From ‘wheeler dealers’ to engineers: How F1’s team boss role has completely evolved

Thomas Maher
Rob Smedley, pictured 2016.

Rob Smedley says he sees the role of team boss as shifting away from 'wheeler dealers' and businesspeople to become a destination for engineers.

Former F1 race engineer Rob Smedley has pointed out how he sees the role of a team boss evolving as more engineers take on the role of team leadership.

Smedley, who now runs an engineering business called Smedley Group, appeared on The Race podcast and spoke about what he sees as a shift in what teams are looking for when it comes to team bosses.

When Smedley first arrived on the grid in the late 1990s, most of the teams were overseen by their founders (think Eddie Jordan, Peter Sauber, Sir Frank Williams, Alain Prost, Sir Jackie Stewart) or a commanding figurehead key to the team’s growth (such as Ron Dennis, Tom Walkinshaw, or Jean Todt).

Rob Smedley: The role of the team principal has evolved

But these figureheads and founders have slowly been shifted out in favour of canny businesspeople. For 2024, not a single team boss comes from a place of singular authority like the days of 25 years ago – the closest being Toto Wolff at Mercedes due to his 33 percent ownership of the team.

While commanding figureheads such as Christian Horner have been instrumental in building up the team, Horner has no ownership stake in the Red Bull team.

But an interesting evolvement in recent years has seen former engineers taking on the role of team boss.

For instance, following the departure of Jost Capito from Williams after 2022, the team approached Mercedes’ strategy engineer James Vowles to take the role – which he accepted.

At Haas, having parted ways with Guenther Steiner over the winer, the American squad has appointed director of engineering Ayao Komatsu to lead the team forward. Team owner Gene Haas also made it clear in welcoming Komatsu that a net positive from the changes was the shift to focus on an engineering-led approach.

Smedley, who might have had such lofty heights in his sights at the time he left the Formula 1 grid, spoke about the slow shift and suggested it’s due to how engineers view the world differently to that of businesspeople.

“I don’t know whether anybody knows [engineering] inside out,” he said.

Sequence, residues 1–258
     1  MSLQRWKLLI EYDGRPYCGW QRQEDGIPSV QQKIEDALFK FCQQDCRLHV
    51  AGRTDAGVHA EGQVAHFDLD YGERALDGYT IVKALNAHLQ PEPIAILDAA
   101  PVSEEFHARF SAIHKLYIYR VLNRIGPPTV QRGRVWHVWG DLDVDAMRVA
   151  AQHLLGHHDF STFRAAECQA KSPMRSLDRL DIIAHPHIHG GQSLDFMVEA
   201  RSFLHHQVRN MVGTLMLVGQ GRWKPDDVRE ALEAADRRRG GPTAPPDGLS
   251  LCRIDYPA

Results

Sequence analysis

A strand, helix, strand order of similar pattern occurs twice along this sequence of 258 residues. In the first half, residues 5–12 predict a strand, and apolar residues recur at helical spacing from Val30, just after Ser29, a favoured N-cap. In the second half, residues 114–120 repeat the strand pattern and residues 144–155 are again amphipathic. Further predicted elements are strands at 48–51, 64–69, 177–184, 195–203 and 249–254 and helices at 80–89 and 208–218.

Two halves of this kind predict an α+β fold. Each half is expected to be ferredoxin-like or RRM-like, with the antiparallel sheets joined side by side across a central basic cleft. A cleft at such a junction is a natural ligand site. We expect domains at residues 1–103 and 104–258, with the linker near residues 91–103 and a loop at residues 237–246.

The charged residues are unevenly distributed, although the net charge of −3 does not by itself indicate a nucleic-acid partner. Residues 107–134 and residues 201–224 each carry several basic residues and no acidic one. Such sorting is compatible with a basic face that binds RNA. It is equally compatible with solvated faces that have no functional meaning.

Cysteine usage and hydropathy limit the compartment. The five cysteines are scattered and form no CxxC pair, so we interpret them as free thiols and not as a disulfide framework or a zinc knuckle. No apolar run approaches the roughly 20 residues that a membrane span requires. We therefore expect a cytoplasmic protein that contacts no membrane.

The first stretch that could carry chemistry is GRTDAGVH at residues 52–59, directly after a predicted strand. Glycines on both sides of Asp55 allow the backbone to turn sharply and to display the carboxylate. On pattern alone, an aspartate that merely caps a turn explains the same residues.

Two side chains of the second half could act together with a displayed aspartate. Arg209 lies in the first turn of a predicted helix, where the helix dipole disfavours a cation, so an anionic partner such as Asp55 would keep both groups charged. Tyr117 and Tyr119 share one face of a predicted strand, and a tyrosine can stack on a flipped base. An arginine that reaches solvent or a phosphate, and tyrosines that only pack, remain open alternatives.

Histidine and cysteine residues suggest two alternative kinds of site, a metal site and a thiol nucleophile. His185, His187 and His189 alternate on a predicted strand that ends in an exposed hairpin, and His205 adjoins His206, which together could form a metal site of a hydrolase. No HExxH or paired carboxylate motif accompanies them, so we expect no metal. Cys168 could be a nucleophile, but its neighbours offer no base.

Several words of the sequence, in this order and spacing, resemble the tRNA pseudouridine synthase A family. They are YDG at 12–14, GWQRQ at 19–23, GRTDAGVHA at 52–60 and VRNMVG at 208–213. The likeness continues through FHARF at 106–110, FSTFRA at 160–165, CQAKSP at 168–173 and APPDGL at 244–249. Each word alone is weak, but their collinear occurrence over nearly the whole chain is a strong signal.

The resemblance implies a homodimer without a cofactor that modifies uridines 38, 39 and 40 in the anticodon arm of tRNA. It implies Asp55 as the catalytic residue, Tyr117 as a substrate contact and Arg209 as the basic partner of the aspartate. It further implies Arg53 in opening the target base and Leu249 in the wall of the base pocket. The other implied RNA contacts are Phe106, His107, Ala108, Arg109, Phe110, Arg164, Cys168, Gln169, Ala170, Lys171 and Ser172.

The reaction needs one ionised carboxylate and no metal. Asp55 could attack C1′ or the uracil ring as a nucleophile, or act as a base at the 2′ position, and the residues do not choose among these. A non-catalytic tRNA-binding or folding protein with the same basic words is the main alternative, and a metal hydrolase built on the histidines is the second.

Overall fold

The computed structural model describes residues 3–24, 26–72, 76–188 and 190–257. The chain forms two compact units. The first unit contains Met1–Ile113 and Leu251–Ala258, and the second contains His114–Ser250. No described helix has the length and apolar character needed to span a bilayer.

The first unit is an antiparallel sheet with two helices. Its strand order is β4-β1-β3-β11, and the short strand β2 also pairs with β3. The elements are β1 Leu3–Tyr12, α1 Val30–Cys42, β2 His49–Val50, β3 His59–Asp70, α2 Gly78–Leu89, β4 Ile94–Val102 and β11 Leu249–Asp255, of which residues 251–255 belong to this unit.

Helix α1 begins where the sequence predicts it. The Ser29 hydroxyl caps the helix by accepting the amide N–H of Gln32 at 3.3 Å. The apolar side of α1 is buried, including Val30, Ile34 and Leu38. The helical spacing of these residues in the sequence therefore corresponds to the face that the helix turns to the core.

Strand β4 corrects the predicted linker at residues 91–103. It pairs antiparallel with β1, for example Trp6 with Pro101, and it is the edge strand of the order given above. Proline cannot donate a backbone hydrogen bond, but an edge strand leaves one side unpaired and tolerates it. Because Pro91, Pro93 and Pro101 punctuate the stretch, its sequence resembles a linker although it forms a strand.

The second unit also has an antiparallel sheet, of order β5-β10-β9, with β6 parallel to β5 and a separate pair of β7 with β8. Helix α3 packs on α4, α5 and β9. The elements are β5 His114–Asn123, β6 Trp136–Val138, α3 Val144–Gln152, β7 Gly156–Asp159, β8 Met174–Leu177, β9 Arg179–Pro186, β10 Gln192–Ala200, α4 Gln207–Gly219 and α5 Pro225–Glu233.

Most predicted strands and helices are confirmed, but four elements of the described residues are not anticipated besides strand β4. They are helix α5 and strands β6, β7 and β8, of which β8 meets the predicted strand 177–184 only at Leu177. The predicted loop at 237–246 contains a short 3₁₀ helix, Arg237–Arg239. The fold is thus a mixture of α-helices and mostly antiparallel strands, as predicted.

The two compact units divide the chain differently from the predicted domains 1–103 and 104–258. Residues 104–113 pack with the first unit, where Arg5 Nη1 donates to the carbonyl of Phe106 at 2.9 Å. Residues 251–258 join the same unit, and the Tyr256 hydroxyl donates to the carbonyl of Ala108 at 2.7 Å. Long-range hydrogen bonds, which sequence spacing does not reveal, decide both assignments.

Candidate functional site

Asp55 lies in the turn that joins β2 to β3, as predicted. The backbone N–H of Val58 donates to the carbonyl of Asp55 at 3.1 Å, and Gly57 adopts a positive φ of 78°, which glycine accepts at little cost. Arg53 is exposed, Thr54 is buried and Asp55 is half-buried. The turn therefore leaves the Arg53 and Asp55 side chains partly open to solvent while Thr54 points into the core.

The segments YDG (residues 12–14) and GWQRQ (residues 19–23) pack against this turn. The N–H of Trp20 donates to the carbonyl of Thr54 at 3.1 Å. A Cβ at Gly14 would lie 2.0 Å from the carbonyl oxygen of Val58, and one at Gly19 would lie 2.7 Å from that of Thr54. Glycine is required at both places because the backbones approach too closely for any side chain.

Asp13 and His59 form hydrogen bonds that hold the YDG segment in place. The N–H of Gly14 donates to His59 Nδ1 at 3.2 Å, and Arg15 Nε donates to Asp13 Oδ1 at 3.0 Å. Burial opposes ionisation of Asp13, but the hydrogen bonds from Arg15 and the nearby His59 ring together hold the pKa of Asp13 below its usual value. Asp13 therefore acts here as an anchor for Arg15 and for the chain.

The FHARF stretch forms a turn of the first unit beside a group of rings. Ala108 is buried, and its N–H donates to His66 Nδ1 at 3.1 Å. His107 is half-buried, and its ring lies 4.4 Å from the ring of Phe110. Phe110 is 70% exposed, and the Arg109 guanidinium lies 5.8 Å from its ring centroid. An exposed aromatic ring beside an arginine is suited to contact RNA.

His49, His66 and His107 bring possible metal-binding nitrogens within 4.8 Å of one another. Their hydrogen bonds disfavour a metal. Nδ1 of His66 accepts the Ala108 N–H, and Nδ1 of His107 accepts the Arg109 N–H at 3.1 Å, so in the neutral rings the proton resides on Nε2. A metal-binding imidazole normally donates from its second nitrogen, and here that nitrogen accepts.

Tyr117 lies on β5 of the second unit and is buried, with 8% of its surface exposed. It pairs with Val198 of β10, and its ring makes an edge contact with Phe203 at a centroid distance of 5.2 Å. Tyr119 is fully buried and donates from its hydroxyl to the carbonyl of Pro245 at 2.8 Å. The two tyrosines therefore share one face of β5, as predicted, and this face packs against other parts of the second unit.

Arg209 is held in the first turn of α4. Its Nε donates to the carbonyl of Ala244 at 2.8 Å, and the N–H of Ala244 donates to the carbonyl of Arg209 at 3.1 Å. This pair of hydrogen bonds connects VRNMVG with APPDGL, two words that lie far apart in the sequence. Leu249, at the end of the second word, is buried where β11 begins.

“But, certainly, I’ve been around for a while! Engineering has changed a lot over that period. Once an engineer, always an engineer, you know, no matter what position you end up in.

“So there’s this trend now of engineers becoming team principals, but they’re very different as a breed of team principal from a more classic team principal, which is from a more business point of view. recommends

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“And, before that, team owners like the ‘wheeler dealer’ – they were quite a different breed in how we go about things.

“I think it’s because we’re too detailed because we can’t be superficial. We have to get down into the details and understand every bit of what’s been said and try to convey that as well.

“I’m kind of doing stuff more in the outside world now. In my business, we’ve got a commercial team, and they try and keep me away from new clients because I tend to over-explain everything and make everything far too complicated.

“The rest of the world, non-engineers aside, like things that are a lot simpler!”

Other examples of engineers taking charge of Formula 1 teams include Andrea Stella at McLaren, who served as a performance and race engineer for years at Ferrari, as well as current Ferrari team boss Fred Vasseur.

Alpine also appointed former power unit engineer and former Peugeot technical director Bruno Famin to replace Otmar Szafnauer in mid-2023, while both Mike Krack and Laurent Mekies boast long careers as racing engineers prior to taking up their current roles as Aston Martin and VCARB team bosses, respectively.

Smedley believes that the fact F1 teams have swollen massively in size compared to 25 years ago, and the resulting elements of specialisation this brings, has made it far more difficult for engineers nowadays to develop a general grounding in a wider variety of technical areas.

“I think that, as much as Formula 1 has changed for the better – from an engineering point of view, the element of how professional it has become and how big the teams have become and how in-depth the engineering goes – I actually think that there’s an element that we’re missing, and you can’t really bring that back, because you’ve got to go back to the old days of tiny teams,” he said.

“The young engineers don’t get the grounding that my generation got. So my generation… we got to see everything, and that’s why my generation are now all the chief technical officers, they’re still all the technical directors.

“They are now all becoming the team principals, it’s why my generation is difficult to kind of move us on, right? That’s not good for any industry, you want to be able to create highly intelligent generalists that can come up through the ranks and, one day, run teams.

“The teams need to consider this as well, you know, it’s a team-centric problem – how do you create these great all-rounders? How do you create them in numbers as well because, in my time, we were being created in numbers. There were lots of us hanging around and you get the natural wastage – some of them go out of Formula 1, some of them don’t make it, some of them don’t like it, or whatever.

“But then you’ve still got this group of senior leaders that will, one day – as is the case now – kind of run Formula 1 from the team’s point of view.”

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